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Ghana’s Pan-African Heritage World Museum listed among world’s greatest places

GHANA’S Pan African Heritage Museum isn’t scheduled to open until 2023, but it is already making noise and receiving global praise.  TIME Magazine just listed the more than $30 million museum among the top 100 world’s greatest places for tourists to visit.

TIME Magazine called Ghana’s capital city, Accra,  ‘a hub for creativity and culture,’ adding, ‘next year, the Pan African Heritage World Museum is scheduled to open. It will house archives, exhibits, galleries, and a theatre, with the aim of being a key destination for visitors interested in connecting with Africa’s history and its people’s heritage.’

The museum is the brainchild of Kojo Yankah, who serves as founder of the African University College Communications.

Yankah says through art, exhibitions, artifacts, and more, he wants to share the true history of the continent and the people under the world’s most noted scholars from the birth of civilization to where we are today.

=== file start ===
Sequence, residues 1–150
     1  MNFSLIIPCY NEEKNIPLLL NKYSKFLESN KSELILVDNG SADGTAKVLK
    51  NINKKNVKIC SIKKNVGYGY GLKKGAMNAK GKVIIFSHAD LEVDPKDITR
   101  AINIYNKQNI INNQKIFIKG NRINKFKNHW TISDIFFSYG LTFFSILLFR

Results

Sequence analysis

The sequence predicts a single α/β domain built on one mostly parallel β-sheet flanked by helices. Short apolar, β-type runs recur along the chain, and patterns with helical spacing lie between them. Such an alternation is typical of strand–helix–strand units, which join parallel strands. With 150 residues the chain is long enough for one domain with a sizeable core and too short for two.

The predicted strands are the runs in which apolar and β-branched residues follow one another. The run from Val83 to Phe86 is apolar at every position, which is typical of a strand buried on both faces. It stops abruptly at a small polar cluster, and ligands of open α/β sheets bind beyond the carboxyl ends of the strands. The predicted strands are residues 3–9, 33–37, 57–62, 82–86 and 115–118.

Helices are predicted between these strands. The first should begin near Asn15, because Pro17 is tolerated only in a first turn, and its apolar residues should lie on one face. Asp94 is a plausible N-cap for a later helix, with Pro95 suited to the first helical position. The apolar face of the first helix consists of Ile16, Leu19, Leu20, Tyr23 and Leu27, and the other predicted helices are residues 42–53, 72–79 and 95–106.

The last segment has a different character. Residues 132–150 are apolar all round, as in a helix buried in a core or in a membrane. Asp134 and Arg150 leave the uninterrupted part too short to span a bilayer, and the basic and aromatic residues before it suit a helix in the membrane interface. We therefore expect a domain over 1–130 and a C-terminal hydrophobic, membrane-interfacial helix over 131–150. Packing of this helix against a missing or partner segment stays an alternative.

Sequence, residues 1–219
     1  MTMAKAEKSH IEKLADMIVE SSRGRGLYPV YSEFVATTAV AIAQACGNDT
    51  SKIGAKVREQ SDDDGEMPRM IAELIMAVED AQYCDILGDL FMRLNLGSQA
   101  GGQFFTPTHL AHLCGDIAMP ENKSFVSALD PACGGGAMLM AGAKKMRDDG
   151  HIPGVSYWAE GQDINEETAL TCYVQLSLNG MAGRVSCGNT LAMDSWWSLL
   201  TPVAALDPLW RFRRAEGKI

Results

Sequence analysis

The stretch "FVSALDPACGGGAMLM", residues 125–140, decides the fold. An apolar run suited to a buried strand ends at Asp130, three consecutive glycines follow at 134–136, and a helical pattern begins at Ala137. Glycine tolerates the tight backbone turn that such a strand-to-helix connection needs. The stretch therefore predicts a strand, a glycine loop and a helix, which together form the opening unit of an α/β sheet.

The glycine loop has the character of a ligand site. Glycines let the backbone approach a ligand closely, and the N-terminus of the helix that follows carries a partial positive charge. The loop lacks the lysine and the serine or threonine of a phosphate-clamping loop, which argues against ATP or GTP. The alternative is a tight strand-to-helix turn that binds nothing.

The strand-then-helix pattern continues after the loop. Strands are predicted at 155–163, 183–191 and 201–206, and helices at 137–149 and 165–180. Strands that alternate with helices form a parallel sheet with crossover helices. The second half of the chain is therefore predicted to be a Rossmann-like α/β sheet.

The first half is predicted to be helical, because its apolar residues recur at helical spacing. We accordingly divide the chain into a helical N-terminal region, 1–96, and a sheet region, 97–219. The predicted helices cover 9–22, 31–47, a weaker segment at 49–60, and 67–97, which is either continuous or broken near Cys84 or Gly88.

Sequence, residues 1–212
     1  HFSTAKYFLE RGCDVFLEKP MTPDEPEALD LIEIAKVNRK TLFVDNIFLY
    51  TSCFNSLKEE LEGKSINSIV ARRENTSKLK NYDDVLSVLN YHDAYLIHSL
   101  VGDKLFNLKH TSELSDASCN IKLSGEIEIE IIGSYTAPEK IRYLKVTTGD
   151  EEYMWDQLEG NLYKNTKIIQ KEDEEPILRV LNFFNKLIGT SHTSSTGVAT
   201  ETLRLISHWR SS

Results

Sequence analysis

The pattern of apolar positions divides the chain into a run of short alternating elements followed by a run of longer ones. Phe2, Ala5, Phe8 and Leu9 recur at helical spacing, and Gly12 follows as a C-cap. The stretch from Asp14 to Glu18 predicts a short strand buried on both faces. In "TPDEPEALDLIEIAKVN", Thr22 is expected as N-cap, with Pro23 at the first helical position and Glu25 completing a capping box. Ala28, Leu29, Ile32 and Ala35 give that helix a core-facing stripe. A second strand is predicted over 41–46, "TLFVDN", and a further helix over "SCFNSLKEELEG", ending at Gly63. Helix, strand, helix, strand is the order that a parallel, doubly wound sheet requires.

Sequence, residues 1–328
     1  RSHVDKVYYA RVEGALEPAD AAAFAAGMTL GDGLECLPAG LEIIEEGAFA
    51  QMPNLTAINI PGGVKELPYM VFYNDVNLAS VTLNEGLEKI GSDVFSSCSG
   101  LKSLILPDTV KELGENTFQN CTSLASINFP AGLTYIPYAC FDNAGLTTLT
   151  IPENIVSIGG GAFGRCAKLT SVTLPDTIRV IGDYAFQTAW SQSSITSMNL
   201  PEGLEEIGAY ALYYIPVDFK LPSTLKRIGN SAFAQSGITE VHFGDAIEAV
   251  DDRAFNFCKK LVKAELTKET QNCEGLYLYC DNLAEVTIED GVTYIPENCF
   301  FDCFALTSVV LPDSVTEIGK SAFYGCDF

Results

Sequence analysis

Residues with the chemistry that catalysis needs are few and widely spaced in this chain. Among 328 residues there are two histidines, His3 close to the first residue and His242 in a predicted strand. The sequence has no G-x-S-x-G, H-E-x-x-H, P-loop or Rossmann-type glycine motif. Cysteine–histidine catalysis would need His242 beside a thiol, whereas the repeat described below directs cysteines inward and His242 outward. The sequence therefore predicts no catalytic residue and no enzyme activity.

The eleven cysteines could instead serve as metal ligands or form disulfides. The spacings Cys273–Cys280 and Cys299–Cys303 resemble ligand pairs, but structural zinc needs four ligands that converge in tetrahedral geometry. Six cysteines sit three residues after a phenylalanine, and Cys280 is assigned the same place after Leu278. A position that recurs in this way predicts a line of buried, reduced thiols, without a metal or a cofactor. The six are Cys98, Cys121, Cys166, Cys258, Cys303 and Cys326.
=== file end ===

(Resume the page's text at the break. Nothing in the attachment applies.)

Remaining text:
His ultimate goal is to curate, preserve, and communicate the history, ideas, philosophy, and cultural heritage of people of African descent within a 21st-century context of social, economic, and political development, museum organisers announced in a press release.

When global leaders met in September 21 to announce the project, they called the museum ‘one of the most important projects of the cultural and historical significance of our time.’

‘After centuries of separation, people of African descent have an obligation to share a common space that helps to bridge the wide gap that exists among them as a result of deliberate miseducation and historical oppression. The Pan African World Heritage Museum fulfills this obligation,’ said Yankah.

Once complete, the museum will reportedly be a space for large events as it will boast 1,000 seats, an operational theatre, film studio, shopping mall, a herbal farm, and more.

More than 150,000 pictures and artifacts have been donated to the museum.

And while the museum isn’t expected to be physically open until 2023, multiple sources say curious spectators will have the chance to view the physical space online in 2022 when construction is complete.

 

Source
Parker Diakite/Travel Noire

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